WV--College- and Career-Readiness Standards

BR.M.4HSTP.1: Find the conjugate of a complex number; use conjugates to find moduli (magnitude) and quotients of complex numbers.

Points in the Complex Plane

Roots of a Quadratic

BR.M.4HSTP.2: Represent complex numbers on the complex plane in rectangular and polar form (including real and imaginary numbers), and explain why the rectangular and polar forms of a given complex number represent the same number.

BR.M.4HSTP.3: Represent addition, subtraction, multiplication and conjugation of complex numbers geometrically on the complex plane; use properties of this representation for computation. (e.g., (–1 + √3 i)³ = 8 because (–1 + √ 3 i) has modulus 2 and argument 120°.

BR.M.4HSTP.4: Calculate the distance between numbers in the complex plane as the modulus of the difference and the midpoint of a segment as the average of the numbers at its endpoints.

BR.M.4HSTP.5: Recognize vector quantities as having both magnitude and direction. Represent vector quantities by directed line segments and use appropriate symbols for vectors and their magnitudes (e.g., v, |v|, ||v||, v).

BR.M.4HSTP.6: Find the components of a vector by subtracting the coordinates of an initial point from the coordinates of a terminal point.

BR.M.4HSTP.7: Solve problems involving velocity and other quantities that can be represented by vectors.

BR.M.4HSTP.8: Add and subtract vectors.

BR.M.4HSTP.8.a: Add vectors end-to-end, component-wise, and by the parallelogram rule. Understand that the magnitude of a sum of two vectors is typically not the sum of the magnitudes.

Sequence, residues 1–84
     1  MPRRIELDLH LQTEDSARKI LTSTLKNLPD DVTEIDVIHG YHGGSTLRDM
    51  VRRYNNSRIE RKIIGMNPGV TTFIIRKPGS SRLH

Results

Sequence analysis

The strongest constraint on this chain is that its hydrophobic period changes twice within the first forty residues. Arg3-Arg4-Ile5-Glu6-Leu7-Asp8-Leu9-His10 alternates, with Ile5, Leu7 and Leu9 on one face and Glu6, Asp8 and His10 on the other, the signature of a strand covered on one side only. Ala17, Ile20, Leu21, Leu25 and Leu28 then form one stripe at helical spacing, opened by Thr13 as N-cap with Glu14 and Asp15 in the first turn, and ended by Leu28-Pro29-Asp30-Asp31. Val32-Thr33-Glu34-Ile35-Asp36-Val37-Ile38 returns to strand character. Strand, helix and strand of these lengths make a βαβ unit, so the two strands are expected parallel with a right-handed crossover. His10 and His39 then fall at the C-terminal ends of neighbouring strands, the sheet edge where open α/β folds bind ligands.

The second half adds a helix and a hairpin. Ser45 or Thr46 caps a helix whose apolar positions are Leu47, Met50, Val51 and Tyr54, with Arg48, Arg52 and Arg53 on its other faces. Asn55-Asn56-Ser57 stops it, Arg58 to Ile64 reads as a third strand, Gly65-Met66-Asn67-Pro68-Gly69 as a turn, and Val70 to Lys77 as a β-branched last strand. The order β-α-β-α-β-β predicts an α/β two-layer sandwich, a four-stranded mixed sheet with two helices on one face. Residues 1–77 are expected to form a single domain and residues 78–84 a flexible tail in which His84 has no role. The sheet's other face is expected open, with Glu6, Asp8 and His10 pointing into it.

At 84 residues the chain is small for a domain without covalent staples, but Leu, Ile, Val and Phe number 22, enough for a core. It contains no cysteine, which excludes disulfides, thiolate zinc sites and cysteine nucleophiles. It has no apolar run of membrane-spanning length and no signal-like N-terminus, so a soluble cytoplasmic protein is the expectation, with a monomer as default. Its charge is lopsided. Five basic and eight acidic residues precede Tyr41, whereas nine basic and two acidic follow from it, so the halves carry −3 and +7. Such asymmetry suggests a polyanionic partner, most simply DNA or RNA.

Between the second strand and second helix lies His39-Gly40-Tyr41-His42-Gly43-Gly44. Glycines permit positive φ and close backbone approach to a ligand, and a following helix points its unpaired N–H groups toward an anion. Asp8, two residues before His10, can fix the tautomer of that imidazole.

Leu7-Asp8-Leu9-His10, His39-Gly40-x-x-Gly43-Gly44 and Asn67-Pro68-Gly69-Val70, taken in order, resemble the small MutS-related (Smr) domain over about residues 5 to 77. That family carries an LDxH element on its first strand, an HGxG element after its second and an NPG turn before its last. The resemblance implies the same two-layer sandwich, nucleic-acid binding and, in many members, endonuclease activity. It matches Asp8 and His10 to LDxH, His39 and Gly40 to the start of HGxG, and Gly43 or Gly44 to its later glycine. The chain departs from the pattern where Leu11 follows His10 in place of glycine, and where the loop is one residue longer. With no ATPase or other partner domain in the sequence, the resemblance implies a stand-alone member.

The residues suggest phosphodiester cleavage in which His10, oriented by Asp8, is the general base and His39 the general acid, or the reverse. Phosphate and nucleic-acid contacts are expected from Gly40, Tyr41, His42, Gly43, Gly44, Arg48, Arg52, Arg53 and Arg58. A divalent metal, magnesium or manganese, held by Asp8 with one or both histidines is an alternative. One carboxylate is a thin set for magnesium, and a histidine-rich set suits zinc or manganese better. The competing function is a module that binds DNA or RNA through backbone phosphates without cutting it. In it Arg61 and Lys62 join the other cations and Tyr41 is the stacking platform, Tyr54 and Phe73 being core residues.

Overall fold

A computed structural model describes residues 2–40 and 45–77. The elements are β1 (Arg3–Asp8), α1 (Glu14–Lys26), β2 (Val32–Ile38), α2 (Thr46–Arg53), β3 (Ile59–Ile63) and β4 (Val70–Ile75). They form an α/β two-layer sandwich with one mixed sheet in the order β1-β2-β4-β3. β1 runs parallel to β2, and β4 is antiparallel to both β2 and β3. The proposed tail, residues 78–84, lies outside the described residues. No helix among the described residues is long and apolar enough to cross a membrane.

BR.M.4HSTP.8.b: Given two vectors in magnitude and direction form, determine the magnitude and direction of their sum.

BR.M.4HSTP.8.c: Understand vector subtraction v – w as v + (–w), where –w is the additive inverse of w, with the same magnitude as w and pointing in the opposite direction. Represent vector subtraction graphically by connecting the tips in the appropriate order and perform vector subtraction component-wise.

BR.M.4HSTP.9: Multiply a vector by a scalar.

BR.M.4HSTP.9.a: Represent scalar multiplication graphically by scaling vectors and possibly reversing their direction; perform scalar multiplication component-wise, e.g., as c(vx, vy) = (cvx, cvy).

BR.M.4HSTP.9.b: Compute the magnitude of a scalar multiple cv using ||cv ||= |c|.||v||. Compute the direction of cv knowing that when |c|v ≠ 0, the direction of cv is either along v (for c > 0) or against v (for c < 0).

BR.M.4HSTP.11: Multiply matrices by scalars to produce new matrices (e.g., as when all of the payoffs in a game are doubled.

BR.M.4HSTP.12: Add, subtract and multiply matrices of appropriate dimensions.

BR.M.4HSTP.16: Work with 2 × 2 matrices as transformations of the plane and interpret the absolute value of the determinant in terms of area.

BR.M.4HSTP.17: Represent a system of linear equations as a single matrix equation in a vector variable.

Solving Linear Systems (Matrices and Special Solutions)

ASF.M.4HSTP.19: Graph functions expressed symbolically and show key features of the graph, by hand in simple cases and using technology for more complicated cases. Graph rational functions, identifying zeros and asymptotes when suitable factorizations are available, and showing end behavior.

Absolute Value with Linear Functions

Exponential Functions

General Form of a Rational Function

Graphs of Polynomial Functions

Introduction to Exponential Functions

Logarithmic Functions